Twenty-one high- and mid-level MIT administrators have been named Leader to Leader (L2L) Fellows for 2002-03.
The program, created last year, is based on a Sloan School of Management model that stresses the three Cs (catalyzing action, contingent on context, and change signature). The goal is to build MIT's internal leadership capabilities through workshops, presentations and conversations.
"Through last year's pilot program of L2L, we learned how important it is for leaders to create an individual development plan," said Margaret Ann Gray, director of organization and employee development for Human Resources, who coordinates the program. "That will be one of the first steps for this year's class. These plans become the foundation of the L2L initiative and incorporate ways for the Fellows to receive feedback and reflect on their strengths as well as their opportunities for growth."
The Fellows attended an orientation session Nov. 13-14 at Endicott House. Professor Paul E. Gray of electrical engineering, who was MIT's president from 1980-1990, spoke to the Fellows on the second day, offering these thoughts on leadership:
"The problem in any leadership job is how to distinguish what is important strategically for the long term when you're all the while distracted by the day-to-day problems and emergencies. If you don't make time to work on the strategic issues, it's to the detriment of the institution."
Discussing leadership in higher education, Gray noted that "universities, as a class, are for the most part led by people who have had no formal training as leaders. They have come up through the faculty ranks. This means that, as far as the managerial world goes, these institutions are being led by amateurs who are learning on the job. What makes such leadership possible is that along the way you get some very good mentoring, which helps develop the necessary skills." He said his own mentors included his thesis advisor, the late Professor Thomas F. Jones Jr. (who went on to become president of the University of South Carolina), and Jerome B. Wiesner, who preceded Gray as president of MIT.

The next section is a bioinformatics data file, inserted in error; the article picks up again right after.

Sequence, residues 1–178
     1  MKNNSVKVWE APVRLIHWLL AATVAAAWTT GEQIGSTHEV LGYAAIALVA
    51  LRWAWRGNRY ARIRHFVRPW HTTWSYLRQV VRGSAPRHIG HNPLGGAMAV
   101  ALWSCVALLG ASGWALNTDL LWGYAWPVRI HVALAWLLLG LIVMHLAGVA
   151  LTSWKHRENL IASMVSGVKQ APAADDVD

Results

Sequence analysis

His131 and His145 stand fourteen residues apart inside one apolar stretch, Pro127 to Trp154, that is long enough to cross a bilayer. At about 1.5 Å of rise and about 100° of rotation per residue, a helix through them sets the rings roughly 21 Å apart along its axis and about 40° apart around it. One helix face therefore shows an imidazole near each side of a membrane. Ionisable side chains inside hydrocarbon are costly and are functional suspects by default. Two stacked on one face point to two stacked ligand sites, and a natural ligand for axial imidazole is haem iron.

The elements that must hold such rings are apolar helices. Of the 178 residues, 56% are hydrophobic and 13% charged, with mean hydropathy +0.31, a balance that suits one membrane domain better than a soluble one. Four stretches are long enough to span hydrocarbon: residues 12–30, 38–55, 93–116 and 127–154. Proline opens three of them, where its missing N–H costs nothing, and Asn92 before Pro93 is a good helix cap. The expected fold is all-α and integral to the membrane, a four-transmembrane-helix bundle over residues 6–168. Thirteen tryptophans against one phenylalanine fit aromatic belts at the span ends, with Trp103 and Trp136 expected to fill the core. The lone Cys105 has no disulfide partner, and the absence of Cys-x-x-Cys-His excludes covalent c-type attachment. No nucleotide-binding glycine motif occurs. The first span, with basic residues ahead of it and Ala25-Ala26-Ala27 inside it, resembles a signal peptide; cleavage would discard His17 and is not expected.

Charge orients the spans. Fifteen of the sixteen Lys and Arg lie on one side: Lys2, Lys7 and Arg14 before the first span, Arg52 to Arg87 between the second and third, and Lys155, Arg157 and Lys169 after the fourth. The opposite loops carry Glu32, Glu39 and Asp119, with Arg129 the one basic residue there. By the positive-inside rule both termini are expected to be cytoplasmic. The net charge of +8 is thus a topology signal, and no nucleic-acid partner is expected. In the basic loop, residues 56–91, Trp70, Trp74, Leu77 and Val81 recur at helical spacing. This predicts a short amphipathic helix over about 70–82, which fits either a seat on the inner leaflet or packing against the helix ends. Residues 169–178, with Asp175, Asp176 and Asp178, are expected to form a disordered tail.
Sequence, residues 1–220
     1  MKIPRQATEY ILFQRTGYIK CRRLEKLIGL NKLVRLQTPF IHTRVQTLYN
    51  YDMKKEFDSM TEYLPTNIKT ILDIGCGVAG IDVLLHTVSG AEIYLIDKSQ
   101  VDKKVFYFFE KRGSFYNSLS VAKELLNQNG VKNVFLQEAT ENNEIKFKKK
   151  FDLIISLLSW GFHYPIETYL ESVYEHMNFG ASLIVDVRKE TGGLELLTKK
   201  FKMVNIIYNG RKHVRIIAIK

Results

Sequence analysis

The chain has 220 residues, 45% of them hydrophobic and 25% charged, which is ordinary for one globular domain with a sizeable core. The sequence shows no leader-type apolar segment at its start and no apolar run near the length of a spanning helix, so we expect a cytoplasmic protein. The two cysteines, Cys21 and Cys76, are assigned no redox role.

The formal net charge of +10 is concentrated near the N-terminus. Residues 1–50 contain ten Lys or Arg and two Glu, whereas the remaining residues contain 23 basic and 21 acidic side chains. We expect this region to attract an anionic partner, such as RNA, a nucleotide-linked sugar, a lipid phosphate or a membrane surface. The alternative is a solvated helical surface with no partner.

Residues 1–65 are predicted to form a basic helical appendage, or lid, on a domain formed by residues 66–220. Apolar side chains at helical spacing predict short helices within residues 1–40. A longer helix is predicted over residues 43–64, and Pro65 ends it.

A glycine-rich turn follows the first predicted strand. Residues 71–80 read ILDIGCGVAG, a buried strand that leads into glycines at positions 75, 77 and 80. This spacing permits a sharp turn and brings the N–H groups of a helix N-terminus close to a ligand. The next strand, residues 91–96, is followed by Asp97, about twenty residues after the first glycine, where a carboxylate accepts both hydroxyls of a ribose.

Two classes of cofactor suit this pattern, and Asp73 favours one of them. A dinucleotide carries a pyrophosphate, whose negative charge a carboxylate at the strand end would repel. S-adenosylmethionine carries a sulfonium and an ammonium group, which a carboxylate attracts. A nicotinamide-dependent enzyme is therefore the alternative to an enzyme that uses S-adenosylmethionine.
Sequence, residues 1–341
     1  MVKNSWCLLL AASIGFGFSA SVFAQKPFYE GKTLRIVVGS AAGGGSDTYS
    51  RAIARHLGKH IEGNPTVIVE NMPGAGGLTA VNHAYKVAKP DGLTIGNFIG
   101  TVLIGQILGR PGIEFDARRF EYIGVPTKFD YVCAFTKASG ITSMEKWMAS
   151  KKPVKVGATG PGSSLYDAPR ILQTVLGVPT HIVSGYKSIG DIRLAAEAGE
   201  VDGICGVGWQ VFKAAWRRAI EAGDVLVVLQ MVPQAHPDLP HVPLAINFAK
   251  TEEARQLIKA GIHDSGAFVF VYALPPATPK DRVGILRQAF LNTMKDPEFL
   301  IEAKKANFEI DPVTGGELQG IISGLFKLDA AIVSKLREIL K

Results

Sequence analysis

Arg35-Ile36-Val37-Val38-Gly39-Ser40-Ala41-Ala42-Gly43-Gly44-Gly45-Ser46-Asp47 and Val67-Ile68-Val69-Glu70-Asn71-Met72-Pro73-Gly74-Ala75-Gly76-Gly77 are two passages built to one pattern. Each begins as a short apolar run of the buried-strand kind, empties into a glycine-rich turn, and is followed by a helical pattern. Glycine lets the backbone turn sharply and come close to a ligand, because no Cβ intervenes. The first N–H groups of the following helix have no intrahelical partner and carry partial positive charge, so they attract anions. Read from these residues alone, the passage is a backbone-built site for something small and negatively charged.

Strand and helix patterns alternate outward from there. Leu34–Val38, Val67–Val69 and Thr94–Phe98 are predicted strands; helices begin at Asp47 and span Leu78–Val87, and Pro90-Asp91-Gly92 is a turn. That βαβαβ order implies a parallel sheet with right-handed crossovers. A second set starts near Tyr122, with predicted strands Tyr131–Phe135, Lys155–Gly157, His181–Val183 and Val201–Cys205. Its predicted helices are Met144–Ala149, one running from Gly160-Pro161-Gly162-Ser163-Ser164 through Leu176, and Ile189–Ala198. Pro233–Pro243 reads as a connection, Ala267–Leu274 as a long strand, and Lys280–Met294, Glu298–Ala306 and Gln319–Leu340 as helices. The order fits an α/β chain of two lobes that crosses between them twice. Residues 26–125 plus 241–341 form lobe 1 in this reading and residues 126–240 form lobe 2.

The Fellows will meet eight more times from January to November 2003. Sessions will be held at the Faculty Club, the Professional Learning Center, a student residence hall, Lincoln Laboratory and the Museum of Science.
Other presenters will include President Charles M. Vest, Chancellor Phillip L. Clay, Provost Robert A. Brown, Executive Vice President John R. Curry, Lincoln Laboratory Director David L. Briggs, eight deans and four members of the Sloan School faculty.
L2L Fellows for 2002-03
Barbara Baker , associate dean and department head in Student Life Programs; Laura Capone , assistant dean and director of organizational performance in the Division of Student Life; Samuel Crooks , associate director and administrative officer in the Microsystems Technology Lab; John DiFava , Chief of MIT Police Department; Brian Donahue , assistant director of Human Resources at Lincoln Lab; Patrick Dreher , associate director of the Lab for Nuclear Science; Patricia Greer , associate director of the Office of Sponsored Programs; Annette Jacobs , executive director of MIT Medical; Marc Jones , assistant dean of the School of Science; William Kettyle , medical director of MIT Medical; Phillip Long , senior strategist for the Academic Computing Enterprise in Information Systems; Ceasar McDowell , associate professor of the practice of community development in the Department of Urban Studies and Planning and director of the Center for Reflective Community Practice; Karen Nilsson , director of housing in the Office of the Dean for Student Life; Beth Ogar , director of finance and administration in Resource Development; Marianna Pierce , director of labor and employee relations in Human Resources; Diane Shea , director of Procurement; Marilyn Smith , special project director in the Office of the Vice President for Research; Brian Tavares , financial administrator in the Office of the Dean for Engineering; William VanSchalkwyk , director of environment, health and safety programs in the Environmental Programs Office; Jane White , group leader for learning and web services in Financial System Services; Lisa Zurk , an assistant group leader at Lincoln Lab.
A version of this article appeared in MIT Tech Talk on November 20, 2002.